The recent deaths of six Philadephia Phillies baseball players from the same rare and aggressive form of brain cancer sparked an investigative report by the Philadelphia Inquirer.
The investigation led to the discovery of toxic PFAS chemicals — also known as “forever chemicals” — in the Monsanto-made synthetic astroturf installed at the old Veterans Stadium in Philadelphia during the time the athletes played there.
PFAS, or per- and polyfluoroalkyl substances, are a class of hazardous synthetic compounds widely called “forever chemicals” because they persist in people’s bodies and the environment for years on end.
The Philadelphia Inquirer’s team — including investigative reporters Barbara Laker and David Gambacorta — bought samples of the fake grass that blanketed the stadium fields during the era when the players played on it and tested the samples.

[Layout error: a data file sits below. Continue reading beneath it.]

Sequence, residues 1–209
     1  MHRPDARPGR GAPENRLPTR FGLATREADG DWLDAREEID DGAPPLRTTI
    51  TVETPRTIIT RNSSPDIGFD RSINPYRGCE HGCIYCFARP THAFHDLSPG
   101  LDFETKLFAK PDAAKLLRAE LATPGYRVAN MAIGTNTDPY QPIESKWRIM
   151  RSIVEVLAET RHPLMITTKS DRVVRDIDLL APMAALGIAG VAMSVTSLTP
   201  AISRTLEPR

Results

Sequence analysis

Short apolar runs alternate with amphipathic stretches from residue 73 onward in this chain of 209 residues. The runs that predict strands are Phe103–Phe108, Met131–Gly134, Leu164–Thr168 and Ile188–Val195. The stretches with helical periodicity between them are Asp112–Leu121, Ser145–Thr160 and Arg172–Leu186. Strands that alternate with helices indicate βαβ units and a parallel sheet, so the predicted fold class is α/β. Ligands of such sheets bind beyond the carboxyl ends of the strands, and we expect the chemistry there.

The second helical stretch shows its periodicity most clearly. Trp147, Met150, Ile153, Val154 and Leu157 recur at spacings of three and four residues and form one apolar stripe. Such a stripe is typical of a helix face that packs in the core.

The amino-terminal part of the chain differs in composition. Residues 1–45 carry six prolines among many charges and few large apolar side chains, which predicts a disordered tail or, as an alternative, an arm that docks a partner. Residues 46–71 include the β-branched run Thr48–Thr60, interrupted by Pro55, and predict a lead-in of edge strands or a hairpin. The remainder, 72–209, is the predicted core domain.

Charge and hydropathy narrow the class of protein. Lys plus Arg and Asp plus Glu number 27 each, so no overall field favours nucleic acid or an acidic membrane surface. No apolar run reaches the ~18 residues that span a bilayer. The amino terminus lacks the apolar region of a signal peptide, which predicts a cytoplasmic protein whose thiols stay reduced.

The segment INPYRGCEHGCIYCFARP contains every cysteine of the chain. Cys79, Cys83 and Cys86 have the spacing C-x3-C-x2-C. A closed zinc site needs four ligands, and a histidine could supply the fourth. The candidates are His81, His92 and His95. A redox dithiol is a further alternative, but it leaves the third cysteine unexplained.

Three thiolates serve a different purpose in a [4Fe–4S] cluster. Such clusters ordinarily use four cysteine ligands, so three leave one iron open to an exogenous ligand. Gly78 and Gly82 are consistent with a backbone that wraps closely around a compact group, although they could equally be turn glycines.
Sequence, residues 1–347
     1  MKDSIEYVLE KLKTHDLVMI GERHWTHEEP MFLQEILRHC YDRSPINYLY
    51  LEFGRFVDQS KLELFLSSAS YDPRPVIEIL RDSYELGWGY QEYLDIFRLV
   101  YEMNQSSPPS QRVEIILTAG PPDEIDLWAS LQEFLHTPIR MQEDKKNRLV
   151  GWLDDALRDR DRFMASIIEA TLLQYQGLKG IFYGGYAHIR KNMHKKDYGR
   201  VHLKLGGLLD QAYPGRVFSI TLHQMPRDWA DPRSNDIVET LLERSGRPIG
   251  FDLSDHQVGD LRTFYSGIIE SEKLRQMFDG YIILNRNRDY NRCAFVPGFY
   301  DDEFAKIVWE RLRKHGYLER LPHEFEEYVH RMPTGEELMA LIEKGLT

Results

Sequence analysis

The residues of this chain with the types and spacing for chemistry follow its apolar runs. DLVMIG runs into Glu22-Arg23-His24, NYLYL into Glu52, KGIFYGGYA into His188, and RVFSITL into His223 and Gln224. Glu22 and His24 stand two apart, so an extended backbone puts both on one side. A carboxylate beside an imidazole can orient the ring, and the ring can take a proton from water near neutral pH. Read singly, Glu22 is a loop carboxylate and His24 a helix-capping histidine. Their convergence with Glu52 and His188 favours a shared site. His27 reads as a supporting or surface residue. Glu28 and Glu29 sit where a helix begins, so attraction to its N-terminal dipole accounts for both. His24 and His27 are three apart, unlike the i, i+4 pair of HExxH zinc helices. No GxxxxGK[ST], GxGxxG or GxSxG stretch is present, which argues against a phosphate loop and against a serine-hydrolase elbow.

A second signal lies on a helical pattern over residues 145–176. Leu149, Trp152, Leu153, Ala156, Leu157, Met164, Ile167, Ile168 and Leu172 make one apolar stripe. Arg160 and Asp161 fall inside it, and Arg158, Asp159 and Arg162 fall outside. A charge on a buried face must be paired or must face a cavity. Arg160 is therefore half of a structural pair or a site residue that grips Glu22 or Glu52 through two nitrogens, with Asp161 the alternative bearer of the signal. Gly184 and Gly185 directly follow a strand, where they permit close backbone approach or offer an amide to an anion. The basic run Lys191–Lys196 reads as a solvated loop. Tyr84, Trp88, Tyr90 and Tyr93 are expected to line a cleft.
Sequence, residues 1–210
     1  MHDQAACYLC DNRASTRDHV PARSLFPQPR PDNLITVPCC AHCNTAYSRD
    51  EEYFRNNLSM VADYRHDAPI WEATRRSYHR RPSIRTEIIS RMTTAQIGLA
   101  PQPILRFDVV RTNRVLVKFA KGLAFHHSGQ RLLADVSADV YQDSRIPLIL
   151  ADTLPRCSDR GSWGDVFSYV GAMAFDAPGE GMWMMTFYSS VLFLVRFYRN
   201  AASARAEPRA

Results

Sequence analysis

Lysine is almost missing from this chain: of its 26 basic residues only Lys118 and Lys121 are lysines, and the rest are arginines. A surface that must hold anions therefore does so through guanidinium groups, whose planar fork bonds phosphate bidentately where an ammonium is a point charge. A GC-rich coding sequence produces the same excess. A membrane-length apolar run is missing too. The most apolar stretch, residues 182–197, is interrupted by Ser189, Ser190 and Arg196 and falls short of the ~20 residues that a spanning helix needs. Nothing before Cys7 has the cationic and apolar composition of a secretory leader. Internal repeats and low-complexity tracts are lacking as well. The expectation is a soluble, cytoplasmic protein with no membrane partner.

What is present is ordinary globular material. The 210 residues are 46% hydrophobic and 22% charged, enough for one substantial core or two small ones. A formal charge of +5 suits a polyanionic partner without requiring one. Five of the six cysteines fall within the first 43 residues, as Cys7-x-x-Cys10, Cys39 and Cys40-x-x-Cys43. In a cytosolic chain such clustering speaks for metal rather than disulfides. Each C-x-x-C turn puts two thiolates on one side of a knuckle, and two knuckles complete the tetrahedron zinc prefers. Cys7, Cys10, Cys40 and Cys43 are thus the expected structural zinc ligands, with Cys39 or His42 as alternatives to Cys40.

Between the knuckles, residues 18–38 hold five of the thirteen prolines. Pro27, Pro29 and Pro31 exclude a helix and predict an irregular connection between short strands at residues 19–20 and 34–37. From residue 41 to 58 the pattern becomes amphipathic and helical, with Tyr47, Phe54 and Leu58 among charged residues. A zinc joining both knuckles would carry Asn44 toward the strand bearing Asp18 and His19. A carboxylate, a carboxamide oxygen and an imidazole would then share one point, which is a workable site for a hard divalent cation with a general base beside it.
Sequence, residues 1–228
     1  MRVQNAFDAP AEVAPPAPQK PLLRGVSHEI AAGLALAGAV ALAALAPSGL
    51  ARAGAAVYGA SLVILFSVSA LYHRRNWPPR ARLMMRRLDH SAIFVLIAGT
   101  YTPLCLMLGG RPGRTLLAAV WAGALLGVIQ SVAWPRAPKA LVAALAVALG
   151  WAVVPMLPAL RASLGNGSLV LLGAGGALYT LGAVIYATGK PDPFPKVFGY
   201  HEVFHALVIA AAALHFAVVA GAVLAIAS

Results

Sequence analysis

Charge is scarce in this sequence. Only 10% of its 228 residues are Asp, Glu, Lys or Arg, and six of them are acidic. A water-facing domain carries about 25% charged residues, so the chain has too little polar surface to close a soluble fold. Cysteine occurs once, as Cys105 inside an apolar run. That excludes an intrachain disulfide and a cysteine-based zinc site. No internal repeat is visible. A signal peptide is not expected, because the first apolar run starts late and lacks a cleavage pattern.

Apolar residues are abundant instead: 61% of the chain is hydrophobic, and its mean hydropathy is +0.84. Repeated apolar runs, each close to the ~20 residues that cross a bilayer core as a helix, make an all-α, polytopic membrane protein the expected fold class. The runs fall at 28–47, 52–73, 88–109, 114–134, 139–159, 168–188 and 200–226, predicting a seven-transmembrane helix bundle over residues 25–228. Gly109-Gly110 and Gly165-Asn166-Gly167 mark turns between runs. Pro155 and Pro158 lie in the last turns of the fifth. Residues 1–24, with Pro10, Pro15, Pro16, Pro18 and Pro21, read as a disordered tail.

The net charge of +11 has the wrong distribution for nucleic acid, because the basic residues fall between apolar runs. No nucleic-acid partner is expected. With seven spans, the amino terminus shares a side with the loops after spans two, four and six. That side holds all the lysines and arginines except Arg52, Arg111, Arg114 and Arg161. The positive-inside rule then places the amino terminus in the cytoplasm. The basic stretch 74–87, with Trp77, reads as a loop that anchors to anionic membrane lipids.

Eurofins Lancaster Laboratories Environmental Testing found two turf samples contained 16 different types of PFAS. Researchers at the University of Notre Dame tested two other samples and also found PFAS.
The presence of the forever chemicals could potentially be linked to cancer that took the six players lives, Laker and Gambacorta said.
In an interview with award-winning journalist and author David Sirota, Laker said multiple studies — “two in China and one, I believe, in Italy” — indicated PFAS were able to cross the blood-brain barrier, and that the chemicals were found “not only in the brain but actually in brain tumors.”…